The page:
Wherefore Christ undertook a method of setting us free so painful and laborious, when a word from Him, or an act of His will, would alone have sufficed.
19. Then he labours to teach and persuade us that the devil could not and ought not to have claimed for himself any right over man, except by the permission of God, and that, without doing any injustice to the devil, God could have called back His deserter, if He wished to show him mercy, and have rescued him by a word only, as though any one denies this; oxen after much more he proceeds: |And so what necessity, or what reason, or what need was there, when the Divine compassion by a simple command could have freed man from sin, for the Son of God to take flesh for our redemption, to suffer so many and such great privations, scorn, scourgings, and spittings on, in short, the pain and ignominy of the cross itself, and that with evil doers?| I reply: The necessity was ours, the hard necessity of those sitting in darkness and the shadow of death. The need, equally ours, and God's, and the Holy Angels! Ours, tat He might remove the yoke of our captivity; His own, that He might fulfil the purpose of His will; the Angels', that their number might be filled up. Further, the reason of this deed was the good pleasure of the Doer. Who denies that there were ready for the Almighty other and yet other ways to redeem us, to justify us, to set us free? But this takes nothing from the efficacy of the one which He chose out of many. And, perhaps, the greatest excellence of the way chosen is that in a land of forgetfulness, of slowness of spirit, and of constant offending, we are more forcibly and more vividly warned by so many and such great sufferings of our Restorer. Beyond that no man knows, nor can know to the full, what treasures of grace, what harmony with wisdom, what increase of glory, what advantages for salvation the inscrutable depth of this holy mystery contains within itself, that mystery which the Prophet when considering trembled at, but did not penetrate (Habak. iii.2 in LXX), and which the forerunner of the Lord thought himself unworthy to unloose (S. John i.27).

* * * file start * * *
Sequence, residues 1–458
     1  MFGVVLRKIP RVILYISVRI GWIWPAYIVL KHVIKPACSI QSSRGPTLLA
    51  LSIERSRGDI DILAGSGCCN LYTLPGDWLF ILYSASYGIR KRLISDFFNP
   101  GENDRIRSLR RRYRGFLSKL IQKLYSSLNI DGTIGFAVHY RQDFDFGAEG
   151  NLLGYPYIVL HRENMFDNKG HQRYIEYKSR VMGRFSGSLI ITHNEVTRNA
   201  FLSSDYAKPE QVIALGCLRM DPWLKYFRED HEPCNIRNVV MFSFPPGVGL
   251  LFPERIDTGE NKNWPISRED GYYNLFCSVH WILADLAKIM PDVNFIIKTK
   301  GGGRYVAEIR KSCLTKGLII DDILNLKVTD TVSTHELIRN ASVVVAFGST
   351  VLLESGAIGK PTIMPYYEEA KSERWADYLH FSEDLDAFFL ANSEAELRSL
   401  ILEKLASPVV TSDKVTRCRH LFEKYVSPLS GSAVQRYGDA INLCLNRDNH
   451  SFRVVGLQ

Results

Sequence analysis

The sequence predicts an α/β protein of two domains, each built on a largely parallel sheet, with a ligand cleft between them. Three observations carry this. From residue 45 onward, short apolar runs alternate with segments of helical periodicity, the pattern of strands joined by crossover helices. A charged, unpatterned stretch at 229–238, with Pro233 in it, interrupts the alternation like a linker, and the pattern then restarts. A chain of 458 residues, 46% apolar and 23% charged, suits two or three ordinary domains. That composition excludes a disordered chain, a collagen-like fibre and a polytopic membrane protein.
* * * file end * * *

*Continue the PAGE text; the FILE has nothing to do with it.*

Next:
20. But though it is not allowed us to scrutinize the mystery of the Divine Will, yet we may feel the effect of its work and perceive the fruit of its usefulness. And what we may know we may not keep to ourselves, for to conceal their word is to give glory to kings, but God is glorified by our investigating His sayings. [Prov. xxv.2. But the sense of the text is the reverse of this.] Faithful is the saying and worthy of all acceptation, that while we were yet sinners we were reconciled to God by the death of His Son (Rom. v.10). |Where there is reconciliation there is also remission of sins. For if, as the Scripture says, our sins separate between us and God| (Is. lix.2), there is no reconciliation while sin remains. In what, then, is remission of sins? This cup, He says, is the new testament in My Blood which shall be shed for you for the remission of sins (S. Matt. xxvi.28). Therefore where there is reconciliation there is remission of sins. And what is that but justification? Whether, therefore, we call it reconciliation, or remission of sins, or justification, or, again, redemption, or liberation from the chains of the devil, by whom we were taken captive at his will, at all events by the death of the Only Begotten, we obtain that we have been justified freely by His blood, in whom, as S. Paul says again, we have redemption through His blood, the forgiveness of sins, according to the riches of His grace (Eph. i.7). You say, Why by His blood when He could have wrought it by His Word? Ask Himself. It is only allowed me to know that it is so, not why it is so. Shall the thing formed say to Him that formed it, |Why hast Thou made me thus?|